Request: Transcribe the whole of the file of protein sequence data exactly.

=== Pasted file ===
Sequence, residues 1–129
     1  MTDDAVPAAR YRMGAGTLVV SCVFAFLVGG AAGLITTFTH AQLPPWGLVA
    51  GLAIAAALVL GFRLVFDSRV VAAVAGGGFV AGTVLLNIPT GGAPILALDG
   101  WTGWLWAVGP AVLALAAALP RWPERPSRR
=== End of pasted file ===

Sequence, residues 1–129
     1  MTDDAVPAAR YRMGAGTLVV SCVFAFLVGG AAGLITTFTH AQLPPWGLVA
    51  GLAIAAALVL GFRLVFDSRV VAAVAGGGFV AGTVLLNIPT GGAPILALDG
   101  WTGWLWAVGP AVLALAAALP RWPERPSRR